Merseyrail GSM-R ‘leaky feeder’ on track

Date: May 2014

After successfully completing the MerseyRail Grip 4 Design Phase for Network Rail, ADComms were awarded the Grip 5-8 Construction contract.

Mersey Rail tunnel Mersey Rail engineer

The works, scheduled to be completed by June 2014, involve the design and construction of the GSM-R leaky feeder system. The project requires the management of multiple stakeholders to ensure that it fulfils all necessary rail quality and safety standards, delivers on time and costs, but also keeps disruption to Merseyrail services a minimum.

With over 13km of overground and underground wireless infrastructure required, the project requires the management of telecoms infrastructure specialists ADComms. The company employs a small group of experienced contractors that include Linbrooke, the Sheffield-based company that is undertaking the civils installation works.

As the new Merseyrail telecoms infrastructure now enters the final stages, ADComms has begun the testing and commissioning works in preparation for handover to Network Rail’s GSM-R network.

Commenting on the company’s progress, programme manager, Lee Watson, said:

‘This is a fantastic project for ADComms, requiring strong project management, excellent customer communications and robust health and safety standards, in what is a very challenging environment. There are significant RF design and commissioning complexities with the project, and so early on the customer understood the need for this project to be managed by a telecoms specialist. The project demonstrates the depth of radio frequency and fixed telecom engineering capability within the ADComms business.
‘We are extremely proud to be managing this project for Network Rail and are determined to deliver a first-class result on time, on cost and most importantly safely.’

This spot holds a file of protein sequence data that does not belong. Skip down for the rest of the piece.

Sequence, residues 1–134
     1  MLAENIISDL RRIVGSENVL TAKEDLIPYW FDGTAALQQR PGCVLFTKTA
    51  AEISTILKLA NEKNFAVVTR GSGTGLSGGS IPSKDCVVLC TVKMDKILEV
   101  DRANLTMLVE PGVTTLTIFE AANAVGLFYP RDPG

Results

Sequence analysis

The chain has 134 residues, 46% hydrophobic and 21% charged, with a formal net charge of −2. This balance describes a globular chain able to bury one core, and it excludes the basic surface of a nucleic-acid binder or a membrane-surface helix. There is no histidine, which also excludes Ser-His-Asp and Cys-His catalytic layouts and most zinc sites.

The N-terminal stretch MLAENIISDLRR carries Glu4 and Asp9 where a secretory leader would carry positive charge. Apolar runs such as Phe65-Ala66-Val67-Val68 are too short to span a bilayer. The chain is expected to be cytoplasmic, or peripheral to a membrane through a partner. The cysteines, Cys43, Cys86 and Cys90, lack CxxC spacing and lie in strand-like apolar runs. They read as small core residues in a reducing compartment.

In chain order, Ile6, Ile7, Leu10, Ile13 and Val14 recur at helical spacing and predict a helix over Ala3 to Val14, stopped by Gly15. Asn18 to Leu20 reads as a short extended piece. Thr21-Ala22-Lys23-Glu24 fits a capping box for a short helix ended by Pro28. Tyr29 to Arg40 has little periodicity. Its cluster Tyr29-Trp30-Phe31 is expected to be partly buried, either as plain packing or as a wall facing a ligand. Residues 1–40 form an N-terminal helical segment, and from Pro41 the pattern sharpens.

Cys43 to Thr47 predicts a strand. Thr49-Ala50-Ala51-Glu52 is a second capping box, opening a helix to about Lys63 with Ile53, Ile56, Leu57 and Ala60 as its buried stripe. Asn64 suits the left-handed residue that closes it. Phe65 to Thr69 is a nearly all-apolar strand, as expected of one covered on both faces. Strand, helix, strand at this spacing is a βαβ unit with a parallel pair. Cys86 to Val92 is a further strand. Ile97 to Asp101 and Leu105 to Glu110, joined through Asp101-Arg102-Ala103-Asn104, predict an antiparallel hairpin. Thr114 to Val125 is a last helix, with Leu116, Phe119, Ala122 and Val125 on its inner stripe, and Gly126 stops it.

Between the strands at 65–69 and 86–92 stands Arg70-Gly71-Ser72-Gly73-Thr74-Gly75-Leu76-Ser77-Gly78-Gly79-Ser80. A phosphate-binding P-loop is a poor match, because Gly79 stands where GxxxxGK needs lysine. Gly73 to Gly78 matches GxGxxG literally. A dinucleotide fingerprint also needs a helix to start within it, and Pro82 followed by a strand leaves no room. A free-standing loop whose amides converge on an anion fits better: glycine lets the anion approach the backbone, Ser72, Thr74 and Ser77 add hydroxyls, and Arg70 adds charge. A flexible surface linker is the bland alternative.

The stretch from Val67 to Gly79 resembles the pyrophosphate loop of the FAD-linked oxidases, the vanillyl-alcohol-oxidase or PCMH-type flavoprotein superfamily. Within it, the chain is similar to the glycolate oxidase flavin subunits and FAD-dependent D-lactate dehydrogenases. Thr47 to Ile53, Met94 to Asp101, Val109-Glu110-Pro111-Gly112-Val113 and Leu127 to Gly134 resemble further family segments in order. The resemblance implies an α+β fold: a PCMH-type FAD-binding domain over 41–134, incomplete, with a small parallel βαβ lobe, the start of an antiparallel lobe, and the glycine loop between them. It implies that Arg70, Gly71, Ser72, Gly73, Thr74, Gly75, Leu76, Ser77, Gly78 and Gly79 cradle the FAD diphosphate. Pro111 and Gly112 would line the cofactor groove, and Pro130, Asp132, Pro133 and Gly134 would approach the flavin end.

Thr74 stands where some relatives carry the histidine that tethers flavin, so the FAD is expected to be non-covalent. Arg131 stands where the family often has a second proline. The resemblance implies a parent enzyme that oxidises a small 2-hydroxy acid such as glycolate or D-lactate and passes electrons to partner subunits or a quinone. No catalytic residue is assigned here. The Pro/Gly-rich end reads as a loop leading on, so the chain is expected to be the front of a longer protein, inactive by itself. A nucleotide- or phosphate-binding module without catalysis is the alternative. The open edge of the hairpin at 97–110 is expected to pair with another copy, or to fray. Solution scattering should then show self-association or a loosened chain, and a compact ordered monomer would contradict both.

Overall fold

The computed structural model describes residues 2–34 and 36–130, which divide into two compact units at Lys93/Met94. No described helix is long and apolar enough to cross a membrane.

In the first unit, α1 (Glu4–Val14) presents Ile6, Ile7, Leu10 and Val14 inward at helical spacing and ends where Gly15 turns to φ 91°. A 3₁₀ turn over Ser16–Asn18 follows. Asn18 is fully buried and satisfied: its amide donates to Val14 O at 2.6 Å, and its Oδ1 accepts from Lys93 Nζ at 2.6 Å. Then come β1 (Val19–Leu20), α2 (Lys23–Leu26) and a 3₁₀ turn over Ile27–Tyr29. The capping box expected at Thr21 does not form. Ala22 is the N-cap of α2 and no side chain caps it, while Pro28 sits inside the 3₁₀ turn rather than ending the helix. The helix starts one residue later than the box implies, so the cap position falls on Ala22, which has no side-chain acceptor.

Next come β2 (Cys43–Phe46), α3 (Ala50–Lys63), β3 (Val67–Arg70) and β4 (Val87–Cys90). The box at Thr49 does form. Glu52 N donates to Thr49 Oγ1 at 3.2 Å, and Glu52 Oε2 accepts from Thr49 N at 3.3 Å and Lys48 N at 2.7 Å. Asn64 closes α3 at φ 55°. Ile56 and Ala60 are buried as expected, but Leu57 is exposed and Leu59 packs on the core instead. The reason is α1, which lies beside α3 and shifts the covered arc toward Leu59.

Network Rail project manager, John Kennedy, said:

‘We all knew that the leaky feeder installation was going to be a tough nut to crack in the timescales driven by the programme. It took focused project management from ADComms to ensure a mature and strong collaboration was forged with the Liverpool MDU and Linbrooke, in conjunction with the introduction of some clever mechanical plant.
‘It is particularly satisfying that the Network Rail Life Saving Rules were rigorously applied throughout the delivery, with no recordable accidents.’

Mersey Rail tunnel Mersey Rail engineers

About the project

GSM-Railway is an international wireless communications standard for railway communication and applications.

ADComms’ GSM-R leaky feeder system design accommodates a transparent handover between the Merseyrail tunnel coverage and overground GSM-R coverage. This improved link-up is effective on all routes adjoining the tunnels and the unit complies with EIRENE (European Integrated Radio Enhanced Network) specification.

The new design also makes practical provision for later migration of some of the UHF (ultra high frequency) emergency services, such as the Airwave Emergency services and Mersey Fire and Civil Defence Authority.

The Merseyrail tunnel network is a mixture of single and twin bore tunnels of varying construction, ranging from Victorian brickwork to concrete and steel girders. The clearance in the single and twin tunnels varies greatly between train and tunnel – sometimes by up to a metre.

Construction work within the tunnel complex involves the installation of leaky feeder cables using cable hangers, with the cable acting as an antenna system. Mounted high up on the tunnel wall, the cable is typically supported at around one-metre intervals and stays as close as possible to train-mounted antennas. The placement of the radiating cables within the tunnels, so it follows the design criteria, is critical to system performance.

For the teams required to work at height, for drilling into the concrete and brick, ADComms and its subcontractors utilised road-rail vehicles. The specially-designed vehicles are also used for running the cable off the cable spoolers, which often carry as much as 1,500m.

Due to the cable reel capacities and length of the tunnels, there is often a requirement to join cables of the same type. In some instances this also will be needed to join cables across tunnel sides and over shafts and spaces. When confronted with particularly challenging environments, smaller jumpers can be used.

The cable has to be installed in such a way so as to avoid kinks, dents and gouges, an approach that will help avoid the ingress of moisture – which can oxidise the copper.

All of the work is performed during night time possession and with the high voltage 3rd Rail isolated.

For more information, please contact Lee Watson or Robert Illsley.
Tel:01724 292 200